Published March 30, 2015
“For only the third time since the founding of the United States we are in the early or transition phase of a new era in American and global history,” according to University of Virginia historian Philip Zelikow. He adds, “from the narrower point of view of economic and social history, however, we are in the early stages of a transition phase faster than anything we have encountered in more than 100 years, the largest since the economic and industrial revolutions of the late 19th and early 20th century.”
These quotes by Professor Zelikow appear in a article in Politico by Democratic strategist Doug Sosnik. Mr. Sosnik writes that we are “going through the most significant period of change since the beginning of the Industrial Revolution”–including a convergence of economic, technological, and demographic forces–“that is transforming every aspect of our lives.”
Mr. Sosnik asserts the point more than he proves it–but his analysis, as well as the one by Professor Zelikow, strikes me as basically right. There is certainly “change that’s churning beneath the surface,” in Sosnik’s words, and this may be a “hinge” moment in American history.
In his article, Sosnik pays particular attention to demographic changes, pointing out that a demographic transformation is changing who we are as a country. He points out that as recently as 1980, 80 percent of the United States population was white. Last year the figure had dropped to 63 percent. And a recent report, “States of Change,” projects that whites will be less than 44 percent of the total population by 2060.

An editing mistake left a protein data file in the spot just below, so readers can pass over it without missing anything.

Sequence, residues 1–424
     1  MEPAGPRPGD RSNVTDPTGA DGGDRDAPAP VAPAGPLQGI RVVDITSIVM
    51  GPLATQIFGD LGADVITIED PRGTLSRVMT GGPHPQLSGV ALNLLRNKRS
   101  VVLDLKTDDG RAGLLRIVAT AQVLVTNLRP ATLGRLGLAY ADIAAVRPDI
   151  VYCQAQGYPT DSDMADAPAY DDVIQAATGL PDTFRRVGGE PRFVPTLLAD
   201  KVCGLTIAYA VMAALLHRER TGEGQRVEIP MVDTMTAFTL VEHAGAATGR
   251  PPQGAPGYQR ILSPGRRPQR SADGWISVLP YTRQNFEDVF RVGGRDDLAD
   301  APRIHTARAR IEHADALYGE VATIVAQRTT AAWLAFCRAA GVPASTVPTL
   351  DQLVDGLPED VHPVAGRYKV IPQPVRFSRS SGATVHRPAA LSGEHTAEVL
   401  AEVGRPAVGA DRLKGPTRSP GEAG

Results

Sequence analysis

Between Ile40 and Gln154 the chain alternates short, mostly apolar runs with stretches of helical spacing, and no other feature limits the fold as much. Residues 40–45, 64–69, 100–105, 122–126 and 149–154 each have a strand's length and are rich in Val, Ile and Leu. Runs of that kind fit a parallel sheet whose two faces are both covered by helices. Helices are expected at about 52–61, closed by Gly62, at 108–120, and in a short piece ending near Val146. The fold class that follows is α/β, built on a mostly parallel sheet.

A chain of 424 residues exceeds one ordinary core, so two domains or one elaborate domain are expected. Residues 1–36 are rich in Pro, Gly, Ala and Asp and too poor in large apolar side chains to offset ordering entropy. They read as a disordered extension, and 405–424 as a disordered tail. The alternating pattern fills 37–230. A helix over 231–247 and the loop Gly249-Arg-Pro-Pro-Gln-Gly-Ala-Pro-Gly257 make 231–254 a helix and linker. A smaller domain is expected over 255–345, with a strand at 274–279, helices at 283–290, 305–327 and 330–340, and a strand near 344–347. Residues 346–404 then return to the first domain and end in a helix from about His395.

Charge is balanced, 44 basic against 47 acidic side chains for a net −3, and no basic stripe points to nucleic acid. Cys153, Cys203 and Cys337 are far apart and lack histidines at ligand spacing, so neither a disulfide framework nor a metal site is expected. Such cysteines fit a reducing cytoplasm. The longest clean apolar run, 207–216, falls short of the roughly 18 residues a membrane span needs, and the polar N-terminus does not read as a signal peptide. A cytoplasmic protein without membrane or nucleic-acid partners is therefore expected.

Mr. Sosnik argues that the shifts we are experiencing are “going to change which voters matter and which states matter.” The political center of gravity in America will shift from the Midwest to faster growing, ethnically diverse states like Florida, Virginia, Colorado, and Nevada. Of special interest to Republicans: Most of the fastest-growing states in America–which are trending younger and more diverse–are no longer solid Republican base states.
The Republican Party, particularly if it hopes to be successful at the presidential level, needs to take these shifts into account. Some on the right seem to want to ignore these changes, or deny them, or undo them. None of these options are wise, and if pursued, each of them will fail.
For Republicans to succeed, they need to produce political leaders, and most especially a presidential nominee, who understands how our nation is changing; who can explain what these changes mean; and who can convince voters who are not now voting for the Republican Party why it’s best able to harness the forces that have been unleashed.
The Republican nominee needs to explain to voters why this transformative moment shouldn’t be feared but grasped; why it presents us not only with tremendous challenges but also with extraordinary opportunities.
This will require putting forward a modern, creative 21st century agenda that addresses middle-class concerns like higher education and health-care costs, wage stagnation and stalled social mobility. It means nominating a conservative standard-bearer who is a reformer and change agent, who voters believe can lead America to a new era of prosperity and renewal. And it means choosing a person to represent the party who, when saying our best days are ahead of us, is actually believable–and who inspires confidence in skeptics rather than simply inciting passion in supporters.
This is an admittedly tall order, and whoever is the nominee will need to present their case in ways that are authentic to them. But it does strike me that these elements are important, given where the Republican Party is, where the nation is, and where the nation is going.
— Peter Wehner is a Senior Fellow at the Ethics and Public Policy Center.